Opinion: Turning B&R rhetoric into bankable reality in aviation market
By Tong Xinxin

2017-05-19 11:43 GMT+8

Guest commentary by Clare Pearson
I was watching WeChat images of Russian President Vladimir Putin shaking hands with China's President Xi Jinping just three hours away in Beijing. At the same time, over 60 legal and aviation professionals from Russia gathered together for a seminar about China's aviation market. 
It makes a huge difference if you feel that your country has close ties with the place you are trying to do business in. When President Putin returns to Moscow, he is going to want real examples of deals facilitated by his diplomacy efforts. Countries that bring business delegations to global conferences promptly translate pleasant rhetoric into bankable business.
Any seminar linked to the topic of globalization in China will be a success – the take-off of the Belt and Road business is a testimony. Representatives of Comac (Commercial Aircraft Corporation of China) were in the front row looking confident and Cao Liuyi, Vice General Manager of property insurance Ping An, one of the biggest insurance companies in China, gave a keynote speech. Everything from manufacturing, to finance and insurance was made in China. 
The reason for the momentum in the aviation asset finance market is straight forward: China offers the greatest market opportunity. Forsburg's March 2017 report on "The Land of Silk and Money" states that Chinese airlines already have 2,800 aircraft – roughly 13 percent of the world’s fleet. The fleet has been growing at a rate of 11 percent each year since 2010, and in 2016, 350 aircraft were delivered to Chinese airlines.
Chinese President Xi Jinping, foreign delegation heads and guests pose for a group photo at the Leaders' Roundtable Summit of the Belt and Road Forum (BRF) for International Cooperation at Yanqi Lake International Convention Center in Beijing, capital of China, May 15, 2017. /Xinhua Photo
Forsberg estimates that Chinese airlines will need another 3,200 aircraft by 2026. Already 1,500 have been ordered, but the gap the remaining 1,700 ones create could be filled by a mixture of orders and aircraft from lessor orders. The real opportunities for local and international markets are also brought by the new launch of C919, as Roy Chan, Managing Partner of DLA Piper law firm in Shanghai, estimated with genuine enthusiasm for the upcoming story.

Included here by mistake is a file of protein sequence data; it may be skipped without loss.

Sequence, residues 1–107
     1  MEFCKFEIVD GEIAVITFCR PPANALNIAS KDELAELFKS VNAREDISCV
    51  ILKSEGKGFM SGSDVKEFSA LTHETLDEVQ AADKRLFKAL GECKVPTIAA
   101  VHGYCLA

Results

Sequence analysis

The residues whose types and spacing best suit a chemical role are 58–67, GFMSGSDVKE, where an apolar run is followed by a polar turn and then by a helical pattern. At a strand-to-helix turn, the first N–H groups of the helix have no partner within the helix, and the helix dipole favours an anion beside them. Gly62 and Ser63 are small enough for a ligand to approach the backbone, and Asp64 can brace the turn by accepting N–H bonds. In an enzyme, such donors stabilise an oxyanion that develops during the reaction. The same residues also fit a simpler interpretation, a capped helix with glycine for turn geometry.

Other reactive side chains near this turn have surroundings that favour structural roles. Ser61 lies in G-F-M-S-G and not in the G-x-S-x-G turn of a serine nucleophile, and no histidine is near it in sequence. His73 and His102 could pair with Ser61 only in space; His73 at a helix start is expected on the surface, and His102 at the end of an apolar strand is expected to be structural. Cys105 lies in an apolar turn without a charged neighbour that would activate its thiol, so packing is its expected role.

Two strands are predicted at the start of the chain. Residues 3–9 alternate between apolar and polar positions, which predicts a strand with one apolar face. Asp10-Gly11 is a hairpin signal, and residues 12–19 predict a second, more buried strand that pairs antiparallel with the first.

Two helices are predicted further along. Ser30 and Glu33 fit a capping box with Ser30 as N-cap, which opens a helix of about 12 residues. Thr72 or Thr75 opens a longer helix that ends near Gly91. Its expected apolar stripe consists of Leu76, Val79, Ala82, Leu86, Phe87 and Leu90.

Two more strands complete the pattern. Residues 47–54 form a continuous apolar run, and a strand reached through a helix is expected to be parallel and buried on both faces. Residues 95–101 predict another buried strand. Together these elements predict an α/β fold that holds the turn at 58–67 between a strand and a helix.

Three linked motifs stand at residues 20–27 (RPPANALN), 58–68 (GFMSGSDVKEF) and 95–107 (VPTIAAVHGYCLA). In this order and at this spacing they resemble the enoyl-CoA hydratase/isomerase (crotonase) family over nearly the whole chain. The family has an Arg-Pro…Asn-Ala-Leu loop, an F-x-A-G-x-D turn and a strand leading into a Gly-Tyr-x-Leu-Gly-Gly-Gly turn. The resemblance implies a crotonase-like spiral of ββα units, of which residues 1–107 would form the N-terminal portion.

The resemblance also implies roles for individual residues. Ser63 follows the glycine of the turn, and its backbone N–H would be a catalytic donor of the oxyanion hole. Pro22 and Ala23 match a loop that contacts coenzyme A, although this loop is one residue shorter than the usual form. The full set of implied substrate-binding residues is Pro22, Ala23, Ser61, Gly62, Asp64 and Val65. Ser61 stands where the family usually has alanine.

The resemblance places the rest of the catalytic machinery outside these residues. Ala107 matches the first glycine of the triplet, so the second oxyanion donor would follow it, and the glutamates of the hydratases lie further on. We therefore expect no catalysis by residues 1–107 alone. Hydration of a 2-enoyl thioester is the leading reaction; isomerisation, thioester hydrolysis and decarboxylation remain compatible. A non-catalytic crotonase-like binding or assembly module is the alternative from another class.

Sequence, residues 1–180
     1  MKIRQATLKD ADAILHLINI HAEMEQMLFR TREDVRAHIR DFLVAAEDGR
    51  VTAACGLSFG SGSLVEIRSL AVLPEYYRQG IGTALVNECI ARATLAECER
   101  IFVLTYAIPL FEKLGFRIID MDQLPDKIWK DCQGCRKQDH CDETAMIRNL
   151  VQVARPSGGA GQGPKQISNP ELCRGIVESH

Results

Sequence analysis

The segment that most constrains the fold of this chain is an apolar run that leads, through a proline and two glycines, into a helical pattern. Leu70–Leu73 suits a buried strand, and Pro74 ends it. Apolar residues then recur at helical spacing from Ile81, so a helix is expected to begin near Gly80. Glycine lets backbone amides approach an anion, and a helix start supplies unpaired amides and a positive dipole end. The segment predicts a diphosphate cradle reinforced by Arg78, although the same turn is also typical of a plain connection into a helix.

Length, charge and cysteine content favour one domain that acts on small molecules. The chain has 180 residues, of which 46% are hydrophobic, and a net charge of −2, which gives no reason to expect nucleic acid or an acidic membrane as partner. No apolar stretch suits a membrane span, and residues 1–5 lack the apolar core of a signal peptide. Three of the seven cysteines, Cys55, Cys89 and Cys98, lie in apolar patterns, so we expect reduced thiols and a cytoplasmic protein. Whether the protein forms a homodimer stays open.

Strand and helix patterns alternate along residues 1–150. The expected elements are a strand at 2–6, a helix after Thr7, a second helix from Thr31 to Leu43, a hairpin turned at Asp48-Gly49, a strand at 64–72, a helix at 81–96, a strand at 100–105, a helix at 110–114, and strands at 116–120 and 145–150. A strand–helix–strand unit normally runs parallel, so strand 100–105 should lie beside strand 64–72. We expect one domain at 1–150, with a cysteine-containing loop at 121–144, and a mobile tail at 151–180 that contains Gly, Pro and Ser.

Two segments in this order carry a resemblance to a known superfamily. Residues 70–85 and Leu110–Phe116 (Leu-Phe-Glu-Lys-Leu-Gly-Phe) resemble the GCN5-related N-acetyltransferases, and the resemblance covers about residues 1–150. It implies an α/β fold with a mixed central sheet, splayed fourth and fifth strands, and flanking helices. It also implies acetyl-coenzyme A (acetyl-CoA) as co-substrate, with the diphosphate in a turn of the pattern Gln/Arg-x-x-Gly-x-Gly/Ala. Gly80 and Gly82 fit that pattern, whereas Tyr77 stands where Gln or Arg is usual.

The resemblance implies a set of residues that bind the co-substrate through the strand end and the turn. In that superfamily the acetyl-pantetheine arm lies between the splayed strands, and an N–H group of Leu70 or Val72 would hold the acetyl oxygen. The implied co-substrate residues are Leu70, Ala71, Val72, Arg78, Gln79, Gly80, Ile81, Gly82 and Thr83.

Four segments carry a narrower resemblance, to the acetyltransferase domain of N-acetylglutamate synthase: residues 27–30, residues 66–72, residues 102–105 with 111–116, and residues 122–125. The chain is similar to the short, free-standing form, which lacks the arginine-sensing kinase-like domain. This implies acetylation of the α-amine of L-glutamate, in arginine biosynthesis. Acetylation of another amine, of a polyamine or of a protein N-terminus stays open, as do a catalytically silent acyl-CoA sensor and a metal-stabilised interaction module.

A global view of development in the market will impact businesses along the Belt and Road. Singapore Airlines is due to release its figures and forecasts say they will not be as strong as in previous years. However, the airline is still looking at going out into the market in search of cheap debt to finance the acquisition of further aircraft, therefore the importance of aviation financing is very much relevant even to the largest and most prominent carriers.
Explaining the pivot to Asia, he noted that the impact on the export credit agencies in the aviation arena, particularly with EXIM (Export-Import Bank of the US) not having its mandate renewed, has opened up opportunities for both financiers and leasing companies to come up with creative and competitive finance and leasing structures to help fill the continued demand in the market for aircraft.
The Belt and Road Initiative is not just about globalization, it is about global governance. The cosmopolitan conversations that count are now taking place in China, with few non-Belt and Road believers in the room. Companies used to host their global seminars in London or New York, but thanks to the catalyzing impact of events like the G20 and the Belt and Road Forum, conferences are now being held in China en masse.
Citizens and tourists take photos outside the National Center for the Performing Arts in Beijing, capital of China, May 13, 2017. A total of 10,860 reed-shaped lights were illuminated here to greet the Belt and Road Forum for International Cooperation.  /Xinhua Photo
This is because the atmosphere is conducive to creative business – inside and outside the deal room. If you have to cross cultural chasms, there is nowhere better to cultivate business than in Shanghai. Round tables rotate so that there is no hierarchy, only inviting opportunity. 
As one door closes, another opens for the new world order of the Belt and Road business. Atmosphere, welcome and responsiveness will underpin countries' business opportunities in this period of rapid change.
Common dispute. Common question. Complex answer. Shanghai specializes in some of the longest lift rides in the world, so I was able to get the full background; cultural distance; physical distance; and perceived animosity from head office. 
Every company and country with a global plan faces these issues. By hosting the Belt and Road Forum, President Xi is trying to build the bridges to overcome them. The epicenter of global business is shifting and, with it, the rules of governance. To improve their elevator pitches companies and countries need to come closer together. 
(Clare Pearson is Chair of the British Chamber of Commerce in China. The article reflects the author's opinion, and does not necessarily represent the view of CGTN.)